"She was drinking a glass of rose wine and smoking cigarettes, and she requested not to be photographed doing either. Everyone began shouting 'Jackie!' when it looked as if Kennedy would make it on the first ballot," Westcott recalled. "When Wyoming put him over the top, Jackie, ever the hostess, asked if everyone's glass was full, if anyone was hungry. She said, 'I'm still only 30 years old, and I've just lost my anonymity for good. It's a little scary.' "

Shortly thereafter, Jackie and her husband, now on track to becoming the first lady and president of the United States, welcomed the Johnsons to their home for the first time.

The anecdote from Jackie and Lady Bird's time together is one of the many in the upcoming biography that delves into the multi-layered relationship between the first ladies — Jackie, then 31, and Bird, almost 20 years her senior and a longtime political helpmate to her husband, Lyndon Johnson, who would become the 36th president of the United States after President Kennedy's assassination in November 1963.

(Jackie went on to marry the Greek shipping magnate Aristotle Onassis in October 1968. She died of cancer in 1994.)

When the Johnsons arrived at the Kennedys' Cape Cod home to plan for the campaign in 1960, they didn't know that their hosts had emptied their own bedroom and slept in a single bed in order to make them as comfortable as possible, according to the Vanity Fair excerpt. Bird was still reeling from disappointment because her husband hadn't secured the Democratic presidential nomination — and accepting the position of running mate to Kennedy felt "like trying to swallow a nettle: hurt, sticky, spiny," Sweig writes.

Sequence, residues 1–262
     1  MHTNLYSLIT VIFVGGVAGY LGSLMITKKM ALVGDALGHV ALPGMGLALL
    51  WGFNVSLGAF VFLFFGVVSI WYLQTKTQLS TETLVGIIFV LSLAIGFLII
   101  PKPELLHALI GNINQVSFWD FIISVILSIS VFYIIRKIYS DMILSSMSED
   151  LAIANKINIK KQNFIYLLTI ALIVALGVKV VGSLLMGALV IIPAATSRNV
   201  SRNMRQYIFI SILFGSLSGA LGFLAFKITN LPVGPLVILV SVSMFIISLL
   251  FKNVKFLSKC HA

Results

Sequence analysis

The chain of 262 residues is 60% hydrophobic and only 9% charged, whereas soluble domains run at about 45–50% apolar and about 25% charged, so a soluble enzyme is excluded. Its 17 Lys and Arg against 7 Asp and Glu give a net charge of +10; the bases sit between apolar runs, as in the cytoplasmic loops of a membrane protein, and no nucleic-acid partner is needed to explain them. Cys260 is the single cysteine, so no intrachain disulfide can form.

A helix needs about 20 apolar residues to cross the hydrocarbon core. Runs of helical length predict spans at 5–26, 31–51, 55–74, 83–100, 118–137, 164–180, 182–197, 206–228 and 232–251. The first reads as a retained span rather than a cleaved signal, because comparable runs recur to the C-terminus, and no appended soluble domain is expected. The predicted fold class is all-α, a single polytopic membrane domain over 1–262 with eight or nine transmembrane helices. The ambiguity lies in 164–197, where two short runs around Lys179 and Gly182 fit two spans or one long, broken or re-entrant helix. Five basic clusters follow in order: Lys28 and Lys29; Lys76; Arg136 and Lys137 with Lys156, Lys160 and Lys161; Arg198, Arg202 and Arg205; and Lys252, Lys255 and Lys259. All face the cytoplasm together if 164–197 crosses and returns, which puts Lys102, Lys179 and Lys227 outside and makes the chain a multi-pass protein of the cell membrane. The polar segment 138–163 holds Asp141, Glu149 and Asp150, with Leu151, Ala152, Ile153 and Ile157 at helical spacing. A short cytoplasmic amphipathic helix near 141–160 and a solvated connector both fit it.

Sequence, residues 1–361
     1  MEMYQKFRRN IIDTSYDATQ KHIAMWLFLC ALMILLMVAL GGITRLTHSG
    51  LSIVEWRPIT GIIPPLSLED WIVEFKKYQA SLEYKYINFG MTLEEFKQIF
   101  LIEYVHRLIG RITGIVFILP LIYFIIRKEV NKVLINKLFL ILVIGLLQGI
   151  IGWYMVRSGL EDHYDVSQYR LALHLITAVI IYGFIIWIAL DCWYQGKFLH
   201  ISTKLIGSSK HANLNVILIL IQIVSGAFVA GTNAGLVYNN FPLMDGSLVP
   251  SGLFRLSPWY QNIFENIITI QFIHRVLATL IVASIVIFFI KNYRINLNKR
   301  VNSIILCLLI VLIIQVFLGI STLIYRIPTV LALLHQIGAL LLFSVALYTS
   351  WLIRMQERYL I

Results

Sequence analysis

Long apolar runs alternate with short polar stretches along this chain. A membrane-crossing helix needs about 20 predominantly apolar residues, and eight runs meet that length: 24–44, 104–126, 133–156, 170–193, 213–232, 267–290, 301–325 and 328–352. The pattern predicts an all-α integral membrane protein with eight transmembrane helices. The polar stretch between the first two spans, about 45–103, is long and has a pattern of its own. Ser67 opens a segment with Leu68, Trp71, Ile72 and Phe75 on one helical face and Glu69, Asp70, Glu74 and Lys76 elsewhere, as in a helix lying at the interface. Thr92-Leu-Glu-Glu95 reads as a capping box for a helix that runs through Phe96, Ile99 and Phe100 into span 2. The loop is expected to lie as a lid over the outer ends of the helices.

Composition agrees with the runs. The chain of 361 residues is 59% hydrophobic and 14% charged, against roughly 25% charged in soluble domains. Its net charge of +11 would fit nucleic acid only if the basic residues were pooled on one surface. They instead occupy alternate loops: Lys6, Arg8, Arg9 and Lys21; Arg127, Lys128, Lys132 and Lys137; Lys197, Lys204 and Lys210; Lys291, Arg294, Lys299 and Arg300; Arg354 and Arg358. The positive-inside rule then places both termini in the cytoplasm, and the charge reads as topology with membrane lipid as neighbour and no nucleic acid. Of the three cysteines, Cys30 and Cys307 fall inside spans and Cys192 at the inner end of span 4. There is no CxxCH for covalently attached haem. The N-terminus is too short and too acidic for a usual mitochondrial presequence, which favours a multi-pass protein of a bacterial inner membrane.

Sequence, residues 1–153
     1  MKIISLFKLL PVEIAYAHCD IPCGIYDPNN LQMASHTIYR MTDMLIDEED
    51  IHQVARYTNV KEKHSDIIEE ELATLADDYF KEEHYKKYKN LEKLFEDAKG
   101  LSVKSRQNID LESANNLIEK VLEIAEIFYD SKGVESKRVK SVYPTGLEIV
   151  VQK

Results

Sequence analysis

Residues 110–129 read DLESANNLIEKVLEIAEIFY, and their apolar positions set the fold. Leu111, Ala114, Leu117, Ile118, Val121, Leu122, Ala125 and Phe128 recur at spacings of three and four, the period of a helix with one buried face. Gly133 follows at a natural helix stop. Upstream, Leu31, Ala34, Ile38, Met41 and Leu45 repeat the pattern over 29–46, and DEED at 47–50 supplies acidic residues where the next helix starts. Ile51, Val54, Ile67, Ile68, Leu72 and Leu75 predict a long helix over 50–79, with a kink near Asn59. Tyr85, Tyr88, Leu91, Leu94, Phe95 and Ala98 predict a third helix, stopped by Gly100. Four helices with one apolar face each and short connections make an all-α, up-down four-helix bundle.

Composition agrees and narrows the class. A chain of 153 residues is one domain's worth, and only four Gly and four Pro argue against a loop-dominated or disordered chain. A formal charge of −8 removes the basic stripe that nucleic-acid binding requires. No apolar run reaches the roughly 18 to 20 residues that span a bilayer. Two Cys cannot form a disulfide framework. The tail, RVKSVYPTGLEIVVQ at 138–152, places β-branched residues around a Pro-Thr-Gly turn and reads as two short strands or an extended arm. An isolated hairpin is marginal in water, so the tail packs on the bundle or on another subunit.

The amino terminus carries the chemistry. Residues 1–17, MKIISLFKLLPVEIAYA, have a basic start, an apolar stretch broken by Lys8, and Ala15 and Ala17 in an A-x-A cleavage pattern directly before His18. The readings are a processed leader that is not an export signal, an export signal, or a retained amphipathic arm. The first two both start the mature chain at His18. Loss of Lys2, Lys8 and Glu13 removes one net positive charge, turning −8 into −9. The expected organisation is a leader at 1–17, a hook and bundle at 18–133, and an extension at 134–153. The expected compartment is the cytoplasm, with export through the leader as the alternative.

Bird's despondency didn't stop her from providing Jackie with advice. Which didn't mean the two always saw eye-to-eye: Jackie was a respectful listener, but she didn't love everything she observed in the older woman, according to the excerpt.

"Although Jackie came to speak admiringly about Lady Bird's capacity to stay plugged into Lyndon's conversations while sitting across the room from him—­even as she conducted her own with Jackie and Jack's sisters—­as a still ­grieving widow interviewed by Arthur Schlesinger Jr., she offered far more unvarnished observations of that first Kennedy-Johnson campaign gathering," Sweig writes in her biography, according to Vanity Fair. "Whenever Lyndon spoke, Jackie told Schlesinger just months after the assassination, 'Lady Bird would get out a little notebook—­I've never seen a husband and a wife so—­sort of like a trained hunting dog.' "